Coaches need to observe, examine and note the group dynamics of all teams. If problems between members develop, a coach can be ready to help work out differences. Conscious awareness of bottlenecks in team activities comes through persistent observation on the part of coaches. Awareness is the first step to resolution.
Individual dynamics within teams also bear watching. You must identify individual wants and goals in order for a group to effectively interact. Good observation and response to individuals within the process is as important as the group as a whole.
The responsibility of coaching carries accountability. Coaches need to share accountability for the team’s activities and results. The group needs to be aware that coaches are as responsible and accountable as they are for what happens in the safety process. However, it is important to note that management has the ultimate responsibility and accountability for plant safety.
A misconception often found in some facilities using a behavior-based safety (BBS) process is that everything is turned over to the hourly personnel and they become totally responsible for all that happens, thereby delegating management accountability. One facility leader actually told us, “We are turning the keys over to the inmates.” Those in leadership roles need to accept that everyone is accountable in the safety process. If employees believe that “we’re all in this together,” true ownership and participation can happen.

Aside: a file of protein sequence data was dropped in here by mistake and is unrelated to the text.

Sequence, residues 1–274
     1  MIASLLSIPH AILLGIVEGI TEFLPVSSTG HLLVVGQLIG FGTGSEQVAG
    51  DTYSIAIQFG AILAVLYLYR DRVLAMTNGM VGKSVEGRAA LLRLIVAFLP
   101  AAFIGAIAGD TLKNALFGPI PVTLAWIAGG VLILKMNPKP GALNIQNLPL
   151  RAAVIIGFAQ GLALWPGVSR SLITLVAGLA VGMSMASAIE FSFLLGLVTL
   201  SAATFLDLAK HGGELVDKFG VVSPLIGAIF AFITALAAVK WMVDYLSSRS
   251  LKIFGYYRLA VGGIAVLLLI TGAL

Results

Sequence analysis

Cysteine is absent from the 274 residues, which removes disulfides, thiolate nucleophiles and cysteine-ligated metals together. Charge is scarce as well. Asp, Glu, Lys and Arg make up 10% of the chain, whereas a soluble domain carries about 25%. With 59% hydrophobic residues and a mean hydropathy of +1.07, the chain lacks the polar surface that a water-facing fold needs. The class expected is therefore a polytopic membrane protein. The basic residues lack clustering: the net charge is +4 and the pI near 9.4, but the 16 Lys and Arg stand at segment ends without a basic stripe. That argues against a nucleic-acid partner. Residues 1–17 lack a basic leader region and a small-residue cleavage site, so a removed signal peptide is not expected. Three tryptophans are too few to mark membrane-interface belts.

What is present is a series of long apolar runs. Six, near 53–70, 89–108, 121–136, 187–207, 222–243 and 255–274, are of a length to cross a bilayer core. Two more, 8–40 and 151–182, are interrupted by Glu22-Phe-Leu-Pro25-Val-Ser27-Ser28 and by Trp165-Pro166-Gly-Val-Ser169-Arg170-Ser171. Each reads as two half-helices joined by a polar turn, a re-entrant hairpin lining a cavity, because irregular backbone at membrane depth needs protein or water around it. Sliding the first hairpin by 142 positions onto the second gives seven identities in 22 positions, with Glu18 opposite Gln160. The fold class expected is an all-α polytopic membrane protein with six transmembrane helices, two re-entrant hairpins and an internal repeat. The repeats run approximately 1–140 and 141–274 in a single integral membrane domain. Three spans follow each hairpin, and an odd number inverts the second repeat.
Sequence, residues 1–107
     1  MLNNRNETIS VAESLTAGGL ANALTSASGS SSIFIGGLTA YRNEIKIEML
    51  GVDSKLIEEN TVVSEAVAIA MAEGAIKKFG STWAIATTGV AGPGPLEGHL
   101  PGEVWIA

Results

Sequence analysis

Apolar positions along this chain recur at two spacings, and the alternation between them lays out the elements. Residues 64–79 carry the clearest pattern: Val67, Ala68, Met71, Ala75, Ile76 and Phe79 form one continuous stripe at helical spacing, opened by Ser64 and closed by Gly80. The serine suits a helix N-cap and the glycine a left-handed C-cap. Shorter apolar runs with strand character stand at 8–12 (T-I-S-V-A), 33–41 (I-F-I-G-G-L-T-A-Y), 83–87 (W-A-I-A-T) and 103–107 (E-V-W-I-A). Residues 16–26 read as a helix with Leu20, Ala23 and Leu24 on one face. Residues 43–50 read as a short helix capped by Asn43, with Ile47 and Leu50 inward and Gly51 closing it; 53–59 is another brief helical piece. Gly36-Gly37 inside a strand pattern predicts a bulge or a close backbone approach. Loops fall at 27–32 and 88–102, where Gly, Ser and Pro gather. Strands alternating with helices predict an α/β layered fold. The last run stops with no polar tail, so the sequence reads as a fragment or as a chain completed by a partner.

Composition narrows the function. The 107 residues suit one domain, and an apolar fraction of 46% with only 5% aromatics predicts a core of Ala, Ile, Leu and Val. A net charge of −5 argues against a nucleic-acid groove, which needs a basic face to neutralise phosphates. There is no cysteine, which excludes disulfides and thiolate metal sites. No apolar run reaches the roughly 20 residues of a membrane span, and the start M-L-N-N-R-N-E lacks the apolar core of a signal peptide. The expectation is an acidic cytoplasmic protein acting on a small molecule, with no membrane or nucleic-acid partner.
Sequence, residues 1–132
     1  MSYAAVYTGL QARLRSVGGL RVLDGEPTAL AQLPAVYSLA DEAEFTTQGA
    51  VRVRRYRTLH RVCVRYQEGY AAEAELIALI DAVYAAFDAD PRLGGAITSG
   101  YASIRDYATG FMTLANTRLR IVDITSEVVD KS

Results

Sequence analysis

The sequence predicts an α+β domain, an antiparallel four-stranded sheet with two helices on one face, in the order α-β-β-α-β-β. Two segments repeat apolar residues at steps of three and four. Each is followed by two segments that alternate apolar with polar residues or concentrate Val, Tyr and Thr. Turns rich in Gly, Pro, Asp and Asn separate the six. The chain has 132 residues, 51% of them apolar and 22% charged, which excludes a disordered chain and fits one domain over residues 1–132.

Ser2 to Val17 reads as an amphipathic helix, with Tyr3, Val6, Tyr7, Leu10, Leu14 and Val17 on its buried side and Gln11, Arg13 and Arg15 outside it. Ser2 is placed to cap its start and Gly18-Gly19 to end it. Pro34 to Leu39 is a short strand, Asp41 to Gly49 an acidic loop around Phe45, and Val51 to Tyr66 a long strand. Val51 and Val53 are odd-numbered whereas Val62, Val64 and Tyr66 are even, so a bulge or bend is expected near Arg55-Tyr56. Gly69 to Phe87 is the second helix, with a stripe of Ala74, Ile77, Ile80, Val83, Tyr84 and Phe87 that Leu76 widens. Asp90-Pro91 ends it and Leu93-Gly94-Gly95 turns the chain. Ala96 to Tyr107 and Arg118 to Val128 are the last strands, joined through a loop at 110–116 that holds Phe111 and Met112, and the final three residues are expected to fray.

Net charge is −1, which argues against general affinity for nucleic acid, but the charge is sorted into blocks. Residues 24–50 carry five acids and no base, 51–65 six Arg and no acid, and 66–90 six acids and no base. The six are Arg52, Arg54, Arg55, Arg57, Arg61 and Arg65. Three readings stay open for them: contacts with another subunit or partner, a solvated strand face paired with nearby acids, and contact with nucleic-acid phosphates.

While the term “communication” may be thought of as overused, the safety process is so people-oriented that unless information is continually shared, the process will falter. Communicating well enables trust and meaningful understanding on all sides.
Coaching is a two-way process. Effective coaches are able to communicate feeling as well as content. Communicating with no personal agenda and without judging are essential aspects of the communication process, especially when dealing with personal anxieties and expectations. Good coaching uses communication not to give the answers but to help those involved find the answers.
Coaches have to share information with layers of participants. They need to connect the lines so everyone has an understanding of what has happened and what is expected to happen. It is part of the coaches’ responsibility to keep this flow steady and uninterrupted.
A good coach will continually engage participants in sharing ideas, obstacles and observations. Talk to people, ask questions and personally share information.
Integrity and trust are significant factors in successful coaching relationships. In the majority of our safety culture surveys, these areas rank high in “Needs improvement/resolution.”